Insects At The Movies: Phenomena (aka Creepers)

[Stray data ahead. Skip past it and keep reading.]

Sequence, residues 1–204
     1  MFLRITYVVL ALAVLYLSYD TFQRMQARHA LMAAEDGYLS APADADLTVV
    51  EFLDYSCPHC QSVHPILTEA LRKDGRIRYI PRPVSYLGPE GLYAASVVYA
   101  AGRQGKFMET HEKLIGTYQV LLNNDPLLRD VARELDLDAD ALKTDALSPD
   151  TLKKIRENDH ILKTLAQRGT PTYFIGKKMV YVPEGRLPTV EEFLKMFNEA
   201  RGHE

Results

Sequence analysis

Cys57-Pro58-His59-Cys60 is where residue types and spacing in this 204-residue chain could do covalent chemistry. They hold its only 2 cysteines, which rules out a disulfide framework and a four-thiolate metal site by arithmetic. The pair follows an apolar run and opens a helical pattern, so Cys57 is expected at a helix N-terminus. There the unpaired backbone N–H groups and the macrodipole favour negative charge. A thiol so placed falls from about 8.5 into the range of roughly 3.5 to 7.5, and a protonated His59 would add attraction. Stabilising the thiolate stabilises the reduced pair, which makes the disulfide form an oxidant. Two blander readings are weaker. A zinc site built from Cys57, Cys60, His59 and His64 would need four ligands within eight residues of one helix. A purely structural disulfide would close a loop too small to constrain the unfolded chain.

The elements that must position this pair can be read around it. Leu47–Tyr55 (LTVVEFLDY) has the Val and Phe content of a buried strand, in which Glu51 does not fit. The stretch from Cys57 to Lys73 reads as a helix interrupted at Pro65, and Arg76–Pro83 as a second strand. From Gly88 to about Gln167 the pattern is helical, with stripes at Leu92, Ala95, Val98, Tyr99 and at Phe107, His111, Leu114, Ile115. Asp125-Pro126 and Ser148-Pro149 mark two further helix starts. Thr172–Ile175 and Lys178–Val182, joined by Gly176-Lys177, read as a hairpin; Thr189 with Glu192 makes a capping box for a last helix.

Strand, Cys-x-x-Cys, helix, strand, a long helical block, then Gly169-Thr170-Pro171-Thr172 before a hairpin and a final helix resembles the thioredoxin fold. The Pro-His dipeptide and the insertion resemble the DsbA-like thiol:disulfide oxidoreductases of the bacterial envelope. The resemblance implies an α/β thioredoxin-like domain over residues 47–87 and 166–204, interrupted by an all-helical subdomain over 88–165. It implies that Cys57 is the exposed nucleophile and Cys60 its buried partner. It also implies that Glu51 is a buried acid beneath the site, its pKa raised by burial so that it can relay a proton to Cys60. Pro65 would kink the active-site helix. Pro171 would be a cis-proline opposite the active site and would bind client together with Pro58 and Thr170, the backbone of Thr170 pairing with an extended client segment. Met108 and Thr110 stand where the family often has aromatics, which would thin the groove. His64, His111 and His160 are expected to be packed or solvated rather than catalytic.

It’s time for another insect horror movie, and this is one where the insects not only win in the end, but they do the bidding of Jennifer Connelly! PHENOMENA (1985 aka “Creepers” in the US ) was made by Italian director Dario Argento, and is chock-full of gore, decapitations, murdering psychos, and thousands and thousands of insects. Connelly plays a young transfer student who discovers that her love of insects has turned into a psychic power, which allows her to track down the culprit of several gruesome murders. If you can stomach buckets of gore, (I really cannot), and an utterly batshit insane plot, all scored with industrial metal music, than perhaps this should be your scary-movie selection. This is a rather unique horror film, not the least because it features a young woman in a slasher film who is totally unafraid of insects. And we're not talking about the cute ones either. Much of the film is dedicated to her studying the extent of her insect-communication powers with the aid of an entomologist played by Donald Pleasance. “I was alone, in the dark, needed help. It was as though the firefly heard me and answered my call.” Pleasance lays down some crazy pseudo-science to explain the insect telepathy, but also gives the audience a solid primer on forensic entomology. Connelly is able to find the murdered victims, because "Great Sarcophagus Flies" (aka flesh-flies) are often among the first to land on a corpse, and she can see what they see. To which I should add that not only are there flesh-fly POV sequences in this film, but ladybug and even maggot POVs as well. But before we get comfy, let me tell you there are a lot of maggots in this movie, pools of them, along with lots of corpses, decapitations, and razor-wielding chimps. So caveat entomologia emptor. But unlike so many other movies, these Sarcophagus Flies , as well as other insects, are always on the lookout to help our hero. In one of my favorite scenes, Connelly is being mercilessly taunted by a group of other girls in her boarding school, who have singled her out as a freak. Smiling, she looks out above them and declares, “I love you all.” but it becomes clear that she’s not talking to the girls, but to the angry masses of flies and bees swarming outside the windows of the school, ready to rush to her aid. Really, doesn't everybody want a swarm of insects to take care of their schoolyard bullies? Speaking of swarms, take another look at the awesome poster above- dig the groovy two- and three-headed insects she’s holding in her hand! Sadly, those don’t make it into the picture. But the movie is chock-full of beetles, bees, flies, and oh so many writhing larvae.